The recent earthquakes that have disrupted life in Christchurch have stalled several laboratory based activities but have opened up other areas of activity and current projects investigating the socioeconomic effect of disaster based injuries are being undertaken.

His teaching activities include undergraduate (5th and 6th year medical students), advanced orthopaedic training and postgraduate (Musculoskeletal Diploma and PhD supervision) teaching. He is the immediate past president of the New Zealand Orthopaedic Association, past chairman of the national training committee, past president of the knee society, current director of the Research Foundation and examiner for the Royal Australasian College of Surgeons.

Currently he is a reviewer for The Bone & Joint Journal, the New Zealand Medical Journal and the World Journal of Science and is the first author of a knee paper in the March issue.


Christchurch City Council and Canterbury District Health Board

Aaron Keown is a Christchurch City Councillor and serves on the Fendalton-Waimairi-Harewood Community Board (Harewood Ward) of the Christchurch City Council. Aaron is a member of the Canterbury District Health Board and has served this role since 2010. Aaron is the current Chair of the Christchurch City Council, Disabilities Working Group, a group formed through his advocacy for the disability sector.

Aaron lost two people very close to him in tragic accidents, being his mother and cousin. Aaron is very passionate about making our roading and infrastructure safe and sustainable for all road users.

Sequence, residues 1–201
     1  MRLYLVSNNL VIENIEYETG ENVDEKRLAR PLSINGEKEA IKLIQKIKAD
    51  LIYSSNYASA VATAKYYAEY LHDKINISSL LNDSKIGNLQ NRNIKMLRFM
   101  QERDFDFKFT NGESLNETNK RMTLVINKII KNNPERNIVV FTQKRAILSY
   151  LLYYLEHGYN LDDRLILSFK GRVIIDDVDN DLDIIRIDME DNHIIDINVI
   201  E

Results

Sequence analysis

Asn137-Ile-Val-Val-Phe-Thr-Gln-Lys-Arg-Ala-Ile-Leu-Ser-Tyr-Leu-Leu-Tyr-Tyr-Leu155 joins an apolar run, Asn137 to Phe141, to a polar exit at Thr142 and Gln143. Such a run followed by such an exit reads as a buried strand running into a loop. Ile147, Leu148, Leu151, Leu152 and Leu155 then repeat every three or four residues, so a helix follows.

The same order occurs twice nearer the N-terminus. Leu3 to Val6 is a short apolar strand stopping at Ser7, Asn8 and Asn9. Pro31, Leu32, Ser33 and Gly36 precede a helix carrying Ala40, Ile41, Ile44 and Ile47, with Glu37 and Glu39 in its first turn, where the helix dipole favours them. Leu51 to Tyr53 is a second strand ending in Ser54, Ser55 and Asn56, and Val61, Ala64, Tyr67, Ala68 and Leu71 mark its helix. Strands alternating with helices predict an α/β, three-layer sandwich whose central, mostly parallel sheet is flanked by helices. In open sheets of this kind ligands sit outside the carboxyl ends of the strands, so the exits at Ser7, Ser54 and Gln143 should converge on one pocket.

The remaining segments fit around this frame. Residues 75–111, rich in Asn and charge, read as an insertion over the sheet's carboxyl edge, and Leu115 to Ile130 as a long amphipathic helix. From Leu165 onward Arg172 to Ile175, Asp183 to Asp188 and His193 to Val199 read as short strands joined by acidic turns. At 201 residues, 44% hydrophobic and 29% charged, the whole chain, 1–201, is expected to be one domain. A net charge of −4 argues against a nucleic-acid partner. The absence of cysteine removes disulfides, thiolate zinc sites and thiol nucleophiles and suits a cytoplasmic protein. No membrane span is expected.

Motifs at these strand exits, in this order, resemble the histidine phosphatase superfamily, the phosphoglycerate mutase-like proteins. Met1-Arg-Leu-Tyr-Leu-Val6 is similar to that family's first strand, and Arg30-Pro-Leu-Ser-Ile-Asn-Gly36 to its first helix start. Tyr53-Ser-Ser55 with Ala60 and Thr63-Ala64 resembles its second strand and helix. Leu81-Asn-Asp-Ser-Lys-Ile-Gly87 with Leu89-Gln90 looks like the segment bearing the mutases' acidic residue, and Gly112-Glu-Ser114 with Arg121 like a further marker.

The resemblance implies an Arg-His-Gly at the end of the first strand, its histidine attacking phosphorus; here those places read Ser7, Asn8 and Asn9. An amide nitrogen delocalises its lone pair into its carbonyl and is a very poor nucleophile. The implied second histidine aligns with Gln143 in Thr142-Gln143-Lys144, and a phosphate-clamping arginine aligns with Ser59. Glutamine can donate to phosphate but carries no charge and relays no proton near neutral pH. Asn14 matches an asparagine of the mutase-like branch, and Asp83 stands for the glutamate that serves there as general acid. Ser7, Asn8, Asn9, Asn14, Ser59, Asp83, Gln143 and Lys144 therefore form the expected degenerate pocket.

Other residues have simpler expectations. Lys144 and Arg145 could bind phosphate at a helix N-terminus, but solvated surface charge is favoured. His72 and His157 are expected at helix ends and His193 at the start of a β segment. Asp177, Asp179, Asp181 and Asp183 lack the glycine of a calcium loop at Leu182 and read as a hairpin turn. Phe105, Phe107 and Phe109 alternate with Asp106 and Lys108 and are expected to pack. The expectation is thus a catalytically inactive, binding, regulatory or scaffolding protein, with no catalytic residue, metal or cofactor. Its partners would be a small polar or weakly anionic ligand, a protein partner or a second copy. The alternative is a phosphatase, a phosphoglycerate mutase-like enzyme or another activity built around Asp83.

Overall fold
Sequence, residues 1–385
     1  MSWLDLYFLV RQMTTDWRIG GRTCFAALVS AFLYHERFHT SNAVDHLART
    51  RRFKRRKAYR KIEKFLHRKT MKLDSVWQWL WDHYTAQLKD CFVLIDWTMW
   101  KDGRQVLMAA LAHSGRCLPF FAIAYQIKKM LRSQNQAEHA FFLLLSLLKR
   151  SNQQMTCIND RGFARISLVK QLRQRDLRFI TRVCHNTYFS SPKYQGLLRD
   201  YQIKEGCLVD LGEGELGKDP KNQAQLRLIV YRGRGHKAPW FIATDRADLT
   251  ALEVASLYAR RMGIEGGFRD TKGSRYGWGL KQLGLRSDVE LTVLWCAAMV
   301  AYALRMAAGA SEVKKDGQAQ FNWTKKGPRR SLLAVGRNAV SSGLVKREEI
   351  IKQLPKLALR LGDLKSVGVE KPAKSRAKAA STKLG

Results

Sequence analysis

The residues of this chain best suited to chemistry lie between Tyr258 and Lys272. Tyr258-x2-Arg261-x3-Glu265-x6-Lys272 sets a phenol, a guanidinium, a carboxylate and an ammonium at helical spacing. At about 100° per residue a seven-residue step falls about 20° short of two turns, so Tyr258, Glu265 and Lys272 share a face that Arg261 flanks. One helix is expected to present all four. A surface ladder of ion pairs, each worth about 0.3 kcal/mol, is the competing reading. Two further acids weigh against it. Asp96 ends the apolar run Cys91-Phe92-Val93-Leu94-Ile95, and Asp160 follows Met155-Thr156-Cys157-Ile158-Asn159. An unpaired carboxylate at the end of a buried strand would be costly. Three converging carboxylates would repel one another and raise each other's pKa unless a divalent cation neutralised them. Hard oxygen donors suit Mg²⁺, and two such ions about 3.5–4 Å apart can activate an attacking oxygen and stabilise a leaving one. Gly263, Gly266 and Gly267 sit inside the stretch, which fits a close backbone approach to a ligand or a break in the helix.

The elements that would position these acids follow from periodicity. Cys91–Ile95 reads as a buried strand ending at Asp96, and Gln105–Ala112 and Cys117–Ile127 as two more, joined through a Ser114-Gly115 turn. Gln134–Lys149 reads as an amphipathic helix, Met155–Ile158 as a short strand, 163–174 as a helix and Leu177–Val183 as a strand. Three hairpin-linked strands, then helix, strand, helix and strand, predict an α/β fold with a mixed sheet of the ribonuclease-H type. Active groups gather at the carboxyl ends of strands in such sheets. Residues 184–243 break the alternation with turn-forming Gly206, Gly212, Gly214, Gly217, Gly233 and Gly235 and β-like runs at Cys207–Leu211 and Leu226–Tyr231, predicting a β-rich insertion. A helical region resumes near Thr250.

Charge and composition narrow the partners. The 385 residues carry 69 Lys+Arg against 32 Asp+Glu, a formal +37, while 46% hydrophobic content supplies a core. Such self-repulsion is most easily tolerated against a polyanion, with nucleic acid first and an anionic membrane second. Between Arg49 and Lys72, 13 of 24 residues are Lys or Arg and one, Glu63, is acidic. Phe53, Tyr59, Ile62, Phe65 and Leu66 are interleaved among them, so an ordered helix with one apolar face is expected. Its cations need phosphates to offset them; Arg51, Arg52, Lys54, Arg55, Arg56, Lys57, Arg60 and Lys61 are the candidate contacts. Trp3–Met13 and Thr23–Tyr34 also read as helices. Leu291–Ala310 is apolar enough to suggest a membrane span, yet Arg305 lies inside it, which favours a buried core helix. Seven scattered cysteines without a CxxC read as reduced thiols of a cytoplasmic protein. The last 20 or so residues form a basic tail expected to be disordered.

Aaron has been the MC of each Road Accident Remembrance Day since its inception. 


St John

Scott Morris is currently the National Operations Manager – Ambulance Operations of St John.

Further detail to follow.


Accident Compensation Corporation (ACC)

Karen Robertson is currently the Acute Services Lead at the Accident Compensation Corporation (ACC). She is responsible for an ACC portfolio of acute services including Public Health Acute Service (ACC’s funding for injury-related public hospital treatment), air and road ambulance services, National Telehealth Services and Primary Response in Medical Emergencies (PRIME). She also represents ACC on the National PRIME Committee.

Prior to her current role, Karen was a Senior Strategy advisor working on ACC’s Health Sector Strategy. She has also spent several years as a Senior Policy Advisor, with the health service portfolio, involving work on air and road ambulance policy.



Mike is the Principal Road Safety Engineer at Stantec. With a Master’s degree in Transportation and a formidable 25+ year career as a Senior Road Safety Engineer, Mike offers specialist technical advice nationally to Local Governments, Councils, and Road Controlling Authorities.  He also undertakes expert technical advice overseas to Authorities and Governments in Brunei, Western Australia, Chile, Tonga and Fiji.   His role in the Christchurch transportation team requires him to provide national technical support in road safety systems including Road Safety Auditing, Active Transport design, Safe Systems, and vulnerable road user advice.

Mike is passionate about reducing the nature and severity of injury on New Zealand roads.  He has a strong belief that our road and transportation network should be inclusive for all users, be they in cars, trucks, bus’s, walking or cycling.  Our designs should strive to reduce harm to all users, and have a holistic approach to develop a safe system.  Mike has led the development of new national systems that considers all users in assessing fitness for use and safety of facilities.

Mike, through his involvement in Road Safety, and through skills and responses developed through Surf Lifesaving, has been at the front end of responding to trauma on our roads, be it crash investigations and reporting, or actual attendance at scene through his frequent travels on our road network.  He has seen the chain of survival first hand, and strongly feels that an end-to-end framework is required that addresses first response through to post event rehabilitation and care.


World Bank and Global Road Safety Partnership (IFRC)